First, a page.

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Wind, Forest, Fire, and Mountain 風林火山: The Evolution of Environmental Management and Local Society in Central Japan, 1450-1650

  • Author(s): Bender, John Elijah
  • Advisor(s): Roberts, Luke S
  • et al.
Abstract

ABSTRACT

Wind, Forest, Fire, and Mountain 風林火山: The Evolution of Environmental Management and Local Society in Central Japan, 1450-1650

by

John Elijah Bender

What role did contests over environment play in the large scale transition from war to peace during Japan’s long sixteenth century? This study examines the question by focusing upon how people dealt with environmental challenges and disputes during an age of instability, institutional failure, and war. Japan’s late medieval (ca. 1450-1600) environmental management regime underwent important changes that proved crucial in ending a long period of warfare and formed the basis of an even longer era of stability. The construction of stable patterns of environmental management depended upon a significant increase in de facto local autonomy, coupled with the rise of authoritarian regional states. Although these developments sometimes stood in opposition to one another, they ultimately combined to reorganize the environmental management regime in Kai and Shinano Provinces.

Central Japan became a crossroads of multiple struggles during the late medieval period. The Takeda warrior house of Kai Province eventually emerged from a pool of contenders to claim supremacy in the region in the first few decades of the sixteenth century. Like other regional magnates (daimyo), the Takeda had an interest in ending warfare and tapping into local productivity within their territory. They did so in ways that effectively turned the Takeda into local patrons who had the means to act as a guarantor of local interests. Communities had been largely forced to fend for themselves during the civil war, or Warring States, era (1467-1600). As a result, they developed administrative and defensive procedures independently. The Takeda worked to integrate these communities by leaving most of those local practices in place, deputizing a class of officials, and negotiating set tax rates on local production. Residents did surrender some of their prerogatives, but collectively gained a more favorable institutional framework. Takeda and their officials were able to mediate local disputes, something that previously could only be done by two parties directly, often resulting in violence. Crucially, the Takeda possessed the wherewithal to enforce dispute settlements. They also supported regional infrastructure projects and policies that required various communities to coordinate certain management practices. These projects ultimately increased efficiency, and linked villages in ways that created a set of complimentary interests between different socioeconomic classes.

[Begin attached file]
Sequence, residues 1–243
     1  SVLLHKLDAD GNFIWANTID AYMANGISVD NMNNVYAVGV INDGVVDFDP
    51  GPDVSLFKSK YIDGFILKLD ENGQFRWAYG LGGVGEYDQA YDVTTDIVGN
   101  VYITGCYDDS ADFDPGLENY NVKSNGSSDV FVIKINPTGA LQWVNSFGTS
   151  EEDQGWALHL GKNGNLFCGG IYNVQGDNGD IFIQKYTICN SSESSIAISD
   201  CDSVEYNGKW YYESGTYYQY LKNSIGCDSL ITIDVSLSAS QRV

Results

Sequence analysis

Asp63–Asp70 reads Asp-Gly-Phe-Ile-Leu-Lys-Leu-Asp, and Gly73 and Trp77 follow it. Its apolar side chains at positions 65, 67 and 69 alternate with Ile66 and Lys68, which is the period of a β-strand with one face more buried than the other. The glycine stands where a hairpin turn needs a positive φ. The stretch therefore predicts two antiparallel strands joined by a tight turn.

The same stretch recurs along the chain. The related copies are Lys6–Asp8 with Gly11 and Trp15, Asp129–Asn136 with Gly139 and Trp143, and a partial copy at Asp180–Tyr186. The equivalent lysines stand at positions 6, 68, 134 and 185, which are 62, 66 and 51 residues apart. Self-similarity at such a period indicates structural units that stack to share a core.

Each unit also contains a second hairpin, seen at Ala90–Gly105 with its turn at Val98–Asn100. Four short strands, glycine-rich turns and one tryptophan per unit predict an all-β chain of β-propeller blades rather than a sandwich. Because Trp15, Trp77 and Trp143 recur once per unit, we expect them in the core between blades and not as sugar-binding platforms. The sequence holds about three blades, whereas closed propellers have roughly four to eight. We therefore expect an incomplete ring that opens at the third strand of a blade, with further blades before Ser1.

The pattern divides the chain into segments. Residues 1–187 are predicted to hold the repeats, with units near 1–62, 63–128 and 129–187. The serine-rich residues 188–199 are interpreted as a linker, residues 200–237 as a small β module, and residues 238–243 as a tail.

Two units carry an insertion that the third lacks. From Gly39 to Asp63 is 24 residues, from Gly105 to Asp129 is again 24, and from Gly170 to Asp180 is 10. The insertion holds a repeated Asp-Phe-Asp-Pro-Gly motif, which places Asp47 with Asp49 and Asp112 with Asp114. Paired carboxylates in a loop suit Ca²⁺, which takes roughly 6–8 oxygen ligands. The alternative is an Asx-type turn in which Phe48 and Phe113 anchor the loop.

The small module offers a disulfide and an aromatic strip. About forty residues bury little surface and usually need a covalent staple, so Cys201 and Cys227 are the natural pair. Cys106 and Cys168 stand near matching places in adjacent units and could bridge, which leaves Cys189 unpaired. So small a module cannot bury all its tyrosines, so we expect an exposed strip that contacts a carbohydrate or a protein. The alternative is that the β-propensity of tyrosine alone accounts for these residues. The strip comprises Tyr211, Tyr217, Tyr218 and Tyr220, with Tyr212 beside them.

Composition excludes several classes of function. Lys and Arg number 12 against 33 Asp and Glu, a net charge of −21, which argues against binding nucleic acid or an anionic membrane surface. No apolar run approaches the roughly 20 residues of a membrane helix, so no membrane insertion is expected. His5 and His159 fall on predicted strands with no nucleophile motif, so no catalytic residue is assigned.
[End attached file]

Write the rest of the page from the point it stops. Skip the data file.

The development of complimentary interests in turn created a vested interest in maintaining new sociopolitical relationships. As these bonds strengthened, they became more regularized, more reliable, and more stable. This gave added momentum towards the reestablishment of order at the close of the sixteenth century. The local settlements worked out at this time remained the basis of local administration well into the early modern period. Forged as they were over generations of upheaval, these practices favored maintenance of stability over other concerns. Often, that entailed relatively hands-off treatment from political superiors. The flexibility between the authoritarian discourse of samurai rule, and the actual latitude afforded local communities in their affairs, significantly contributed to the remarkable durability of the Tokugawa system.

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